In academic and scientific circles, silent, thoughtful moments are more acceptable, but even there, verbal embellishments may be made. Instead of giving a one-word answer (“yes,” “no,” “okay”) you might instead stretch it out to say, “Sure, sounds reasonable,” or “No, I have to say I don’t agree completely,” or “Okay, I’ll get right on it.” When you’re not sure what to say in answer to a difficult question, instead of sitting silent you might mention the thought process that underlies the silence (“hmm, that’s a tough one. Let me give it some thought and get back to you”).

In casual conversation, it is equally important to keep the flow going. We talked in earlier Tips about how to follow a “ping-pong” or “basketball” model for maintaining a back-and-forth pattern. This is what makes you seem engaged with others and shows you are an interesting conversational partner.

And don’t forget, too, that non-verbal gestures –nodding, smiling, etc.—work along with words to embellish your statements and stretch out their effect.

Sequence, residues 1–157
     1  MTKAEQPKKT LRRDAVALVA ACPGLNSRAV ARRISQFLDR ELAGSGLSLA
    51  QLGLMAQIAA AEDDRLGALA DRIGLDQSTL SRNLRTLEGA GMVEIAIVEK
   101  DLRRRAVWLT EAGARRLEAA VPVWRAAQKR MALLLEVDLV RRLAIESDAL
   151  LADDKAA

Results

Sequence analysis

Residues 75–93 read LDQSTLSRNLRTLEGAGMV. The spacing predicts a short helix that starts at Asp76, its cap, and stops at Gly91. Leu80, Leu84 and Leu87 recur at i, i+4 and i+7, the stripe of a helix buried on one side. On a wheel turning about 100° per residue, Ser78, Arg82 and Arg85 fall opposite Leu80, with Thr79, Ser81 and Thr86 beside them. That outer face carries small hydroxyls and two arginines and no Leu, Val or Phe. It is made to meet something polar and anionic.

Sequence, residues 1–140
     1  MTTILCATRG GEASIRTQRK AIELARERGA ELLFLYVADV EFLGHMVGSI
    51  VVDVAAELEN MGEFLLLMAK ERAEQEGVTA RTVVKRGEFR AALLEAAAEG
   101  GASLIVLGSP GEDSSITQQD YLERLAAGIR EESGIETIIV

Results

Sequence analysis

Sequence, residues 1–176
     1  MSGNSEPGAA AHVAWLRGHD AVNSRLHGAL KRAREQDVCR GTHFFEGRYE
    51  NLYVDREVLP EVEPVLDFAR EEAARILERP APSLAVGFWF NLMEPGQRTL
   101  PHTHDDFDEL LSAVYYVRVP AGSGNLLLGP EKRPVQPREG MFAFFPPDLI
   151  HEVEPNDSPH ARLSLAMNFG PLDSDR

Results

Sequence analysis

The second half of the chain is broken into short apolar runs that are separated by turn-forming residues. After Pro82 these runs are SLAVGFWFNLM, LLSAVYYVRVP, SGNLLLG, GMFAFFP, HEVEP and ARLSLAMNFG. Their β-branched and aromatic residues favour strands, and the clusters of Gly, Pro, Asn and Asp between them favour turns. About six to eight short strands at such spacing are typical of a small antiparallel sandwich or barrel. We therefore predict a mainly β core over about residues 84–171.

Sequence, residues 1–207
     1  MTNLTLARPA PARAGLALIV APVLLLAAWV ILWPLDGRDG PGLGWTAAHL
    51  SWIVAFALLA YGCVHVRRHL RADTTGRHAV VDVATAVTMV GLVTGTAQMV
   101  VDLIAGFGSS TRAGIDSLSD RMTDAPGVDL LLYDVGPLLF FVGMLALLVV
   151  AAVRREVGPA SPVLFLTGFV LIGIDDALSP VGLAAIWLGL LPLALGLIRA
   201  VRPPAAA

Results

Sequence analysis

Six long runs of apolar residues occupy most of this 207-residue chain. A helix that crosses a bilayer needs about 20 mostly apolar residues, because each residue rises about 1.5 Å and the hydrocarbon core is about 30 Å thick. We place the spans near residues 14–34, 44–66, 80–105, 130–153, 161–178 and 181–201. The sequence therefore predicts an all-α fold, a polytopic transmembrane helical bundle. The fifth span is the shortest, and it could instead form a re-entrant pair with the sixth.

Monday, September 4, 2017


For Labor Day week, let’s talk about the many attitudes about work around the world, and how Americans view this aspect of life.

Americans see themselves as hard-working. They prove this by comparing the short vacations they receive –initially often limited to two weeks a year—to the lengthy time-off their European counterparts enjoy. Yet French ex-pats will insist that yes, they may take the entire month of August for a family summer vacation, but on a given workday, they really work, staying later than the Americans and focusing their time better.

ESL teachers will notice immediately among students in an elementary English class that each country represented has its own approach to working and learning. Chinese students will speak very little, take careful notes, and concentrate on their own learning issues. Students from South America will see the classroom experience as a communal time, engaging in spontaneous discussion, taking fewer notes, and helping one another with answers to questions posed by the teacher. Europeans will mix speaking and listening, take notes but fewer than the Asians, and observe the classroom dynamics for non-verbal cues associated with the language.